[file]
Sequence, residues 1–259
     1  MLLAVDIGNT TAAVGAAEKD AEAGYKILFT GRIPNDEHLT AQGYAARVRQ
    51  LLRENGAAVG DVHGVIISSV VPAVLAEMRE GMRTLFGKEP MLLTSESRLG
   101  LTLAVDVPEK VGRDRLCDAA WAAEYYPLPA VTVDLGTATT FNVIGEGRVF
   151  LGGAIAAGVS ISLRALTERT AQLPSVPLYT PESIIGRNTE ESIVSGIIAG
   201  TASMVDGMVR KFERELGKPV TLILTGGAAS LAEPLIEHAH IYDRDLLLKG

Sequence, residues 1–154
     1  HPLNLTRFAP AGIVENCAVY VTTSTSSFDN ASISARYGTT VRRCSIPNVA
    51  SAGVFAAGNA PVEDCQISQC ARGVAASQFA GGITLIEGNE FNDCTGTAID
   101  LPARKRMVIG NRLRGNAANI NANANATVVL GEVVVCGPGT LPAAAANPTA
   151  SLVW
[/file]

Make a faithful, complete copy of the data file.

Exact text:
Sequence, residues 1–259
     1  MLLAVDIGNT TAAVGAAEKD AEAGYKILFT GRIPNDEHLT AQGYAARVRQ
    51  LLRENGAAVG DVHGVIISSV VPAVLAEMRE GMRTLFGKEP MLLTSESRLG
   101  LTLAVDVPEK VGRDRLCDAA WAAEYYPLPA VTVDLGTATT FNVIGEGRVF
   151  LGGAIAAGVS ISLRALTERT AQLPSVPLYT PESIIGRNTE ESIVSGIIAG
   201  TASMVDGMVR KFERELGKPV TLILTGGAAS LAEPLIEHAH IYDRDLLLKG

Sequence, residues 1–154
     1  HPLNLTRFAP AGIVENCAVY VTTSTSSFDN ASISARYGTT VRRCSIPNVA
    51  SAGVFAAGNA PVEDCQISQC ARGVAASQFA GGITLIEGNE FNDCTGTAID
   101  LPARKRMVIG NRLRGNAANI NANANATVVL GEVVVCGPGT LPAAAANPTA
   151  SLVW